A creative study by Henshall and Padalino (2012) found that horses could be trained to join-up to a remote controlled car that chased them around a round pen, but would stop when the horse stopped and faced the car, thus reinforcing their approach behaviours. This research certainly questions the notion that join-up results from a trainer learning equine language in order to gain a horse’s respect.
Furthermore, although licking and chewing has been marked as the pivotal point indicating that the horse is ready to show respect and join-up, in reality, licking and chewing originates from a surge in saliva output as the body switches from the dry mouth typical of the sympathetic nervous system (pain, fear or confusion can all turn on the sympathetic system), to the return of saliva associated with the resulting body relaxation of the parasympathetic system. These behaviours are nearly always indicative of a horse being released from a higher to lower state of alarm or distress (McDonnell, 2016). Studying 200 feral horses, living in Ecuador, Norwegian equine researchers Margrete Lie and Ruth Newberry (2018) discovered that in threatening encounters, both the aggressor and the submissive horse licked and chewed, although, surprisingly, aggressors did so slightly more often.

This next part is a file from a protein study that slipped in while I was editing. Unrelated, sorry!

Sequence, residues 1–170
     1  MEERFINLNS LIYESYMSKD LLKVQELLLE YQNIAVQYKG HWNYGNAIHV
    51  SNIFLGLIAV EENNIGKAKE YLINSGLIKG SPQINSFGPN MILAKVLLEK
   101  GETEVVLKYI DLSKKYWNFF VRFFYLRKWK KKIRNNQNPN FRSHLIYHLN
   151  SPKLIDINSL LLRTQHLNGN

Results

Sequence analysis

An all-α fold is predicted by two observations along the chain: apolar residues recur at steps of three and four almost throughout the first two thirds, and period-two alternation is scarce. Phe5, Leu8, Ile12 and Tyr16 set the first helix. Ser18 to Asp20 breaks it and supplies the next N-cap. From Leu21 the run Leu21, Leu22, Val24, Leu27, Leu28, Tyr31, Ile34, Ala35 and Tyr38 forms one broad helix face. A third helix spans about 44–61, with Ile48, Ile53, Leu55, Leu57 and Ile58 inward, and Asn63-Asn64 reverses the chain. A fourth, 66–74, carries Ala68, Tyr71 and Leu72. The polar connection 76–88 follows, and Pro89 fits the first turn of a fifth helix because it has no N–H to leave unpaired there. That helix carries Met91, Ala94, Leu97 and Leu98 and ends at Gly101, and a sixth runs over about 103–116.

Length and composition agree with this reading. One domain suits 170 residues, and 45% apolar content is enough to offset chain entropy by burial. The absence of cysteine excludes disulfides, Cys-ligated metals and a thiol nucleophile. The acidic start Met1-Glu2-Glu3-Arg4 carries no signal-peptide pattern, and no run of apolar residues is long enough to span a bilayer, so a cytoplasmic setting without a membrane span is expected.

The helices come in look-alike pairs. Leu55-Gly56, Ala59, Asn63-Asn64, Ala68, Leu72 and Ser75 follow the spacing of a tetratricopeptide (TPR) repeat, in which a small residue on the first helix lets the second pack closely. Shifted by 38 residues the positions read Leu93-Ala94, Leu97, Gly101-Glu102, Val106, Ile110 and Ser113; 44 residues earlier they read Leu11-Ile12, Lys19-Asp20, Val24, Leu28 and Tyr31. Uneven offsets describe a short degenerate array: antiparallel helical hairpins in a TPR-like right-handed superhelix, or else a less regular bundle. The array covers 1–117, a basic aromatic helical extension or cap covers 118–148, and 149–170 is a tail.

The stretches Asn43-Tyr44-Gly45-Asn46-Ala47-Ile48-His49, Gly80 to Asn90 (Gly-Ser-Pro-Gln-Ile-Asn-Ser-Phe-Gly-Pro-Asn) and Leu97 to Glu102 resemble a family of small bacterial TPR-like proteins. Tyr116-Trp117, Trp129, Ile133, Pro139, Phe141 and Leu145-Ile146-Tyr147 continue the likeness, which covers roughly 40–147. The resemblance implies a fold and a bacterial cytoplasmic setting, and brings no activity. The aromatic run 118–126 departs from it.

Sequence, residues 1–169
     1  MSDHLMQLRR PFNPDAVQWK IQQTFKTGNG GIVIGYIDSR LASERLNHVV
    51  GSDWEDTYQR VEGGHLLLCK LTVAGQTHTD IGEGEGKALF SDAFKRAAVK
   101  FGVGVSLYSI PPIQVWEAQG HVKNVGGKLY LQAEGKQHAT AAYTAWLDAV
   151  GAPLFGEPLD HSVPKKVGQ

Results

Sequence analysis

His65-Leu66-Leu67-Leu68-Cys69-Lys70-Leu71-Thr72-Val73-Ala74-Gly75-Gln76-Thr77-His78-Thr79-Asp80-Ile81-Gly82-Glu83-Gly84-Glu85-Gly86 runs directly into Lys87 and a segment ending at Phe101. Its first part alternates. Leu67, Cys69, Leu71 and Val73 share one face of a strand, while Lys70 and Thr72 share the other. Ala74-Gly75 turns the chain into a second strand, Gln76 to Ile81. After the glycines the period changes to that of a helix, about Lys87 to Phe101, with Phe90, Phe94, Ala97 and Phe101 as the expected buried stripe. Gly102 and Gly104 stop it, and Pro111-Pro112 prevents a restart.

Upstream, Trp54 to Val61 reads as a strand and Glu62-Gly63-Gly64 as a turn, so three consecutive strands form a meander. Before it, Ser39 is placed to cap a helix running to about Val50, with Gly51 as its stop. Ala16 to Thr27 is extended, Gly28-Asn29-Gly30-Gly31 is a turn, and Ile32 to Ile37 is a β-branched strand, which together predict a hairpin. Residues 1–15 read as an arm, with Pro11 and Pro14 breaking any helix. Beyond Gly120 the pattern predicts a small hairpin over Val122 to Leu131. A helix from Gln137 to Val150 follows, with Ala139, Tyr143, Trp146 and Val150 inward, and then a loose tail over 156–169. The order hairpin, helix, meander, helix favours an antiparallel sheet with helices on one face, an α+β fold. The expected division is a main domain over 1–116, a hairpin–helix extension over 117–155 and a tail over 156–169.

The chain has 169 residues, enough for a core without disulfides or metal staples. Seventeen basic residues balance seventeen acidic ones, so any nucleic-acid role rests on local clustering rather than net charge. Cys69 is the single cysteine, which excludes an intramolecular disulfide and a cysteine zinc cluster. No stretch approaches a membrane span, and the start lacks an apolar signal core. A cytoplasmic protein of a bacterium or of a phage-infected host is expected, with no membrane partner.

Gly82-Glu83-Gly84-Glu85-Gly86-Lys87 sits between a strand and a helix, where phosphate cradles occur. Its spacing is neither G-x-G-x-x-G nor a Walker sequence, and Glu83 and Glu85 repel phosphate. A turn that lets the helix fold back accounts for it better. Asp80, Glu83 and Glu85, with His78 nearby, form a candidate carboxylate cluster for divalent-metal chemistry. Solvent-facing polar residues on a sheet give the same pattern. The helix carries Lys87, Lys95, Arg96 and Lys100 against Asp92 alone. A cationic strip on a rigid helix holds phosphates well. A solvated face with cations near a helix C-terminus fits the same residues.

Being Fair to the Horse
Equine scientists almost universally agree that what we are seeing in the round pen can be explained by the principles of negative reinforcement, which forms the basis of almost all equine training under saddle: we apply an aversive stimulus, until the horse offers the desired response (or the first baby steps toward the desired response), we release the pressure, and the horse is more likely to offer this response in the future. Much round pen training, however, is a particularly egregious application of negative reinforcement because it sets in motion the horse’s flight and fear response. Unlike other responses that require numerous repetitions to become established, fear responses can be learned in one trial, are notoriously difficult to eradicate once learned, and can return sporadically and unpredictably with little provocation (Le Doux, 1994: McLean, 2001). As McGreevy and McLean (2010) note, “this research has monumental implications for horse trainers: avoid fearful reactions at all costs.” Horses’ typical round pen responses have very little to do with respecting a leader; rather horses flee because they are frightened and eventually learn that fleeing doesn’t work, but stopping and facing the trainer will end the aversive chasing.
In Kruger’s study, three of her original 19 horses had to be withdrawn on humane grounds because of atypical profuse sweating and an eventual failure to respond to the experimenter doing the chasing.
When trainers believe that horses’ undesired behaviours stem from a defiance to their authority, the more plausible and parsimonious explanation – that the horse does not understand the question, that there is no correct response, or that the horse is psychologically or physically unable to comply – is often overlooked. The dominance training model has very little to do with the complex social organization of herd living. It is, at best, unfair, at worst, inhumane, nearly always counterproductive to training, and may ultimately jeopardize horse welfare.
To view the ISES position statement on dominance, click here.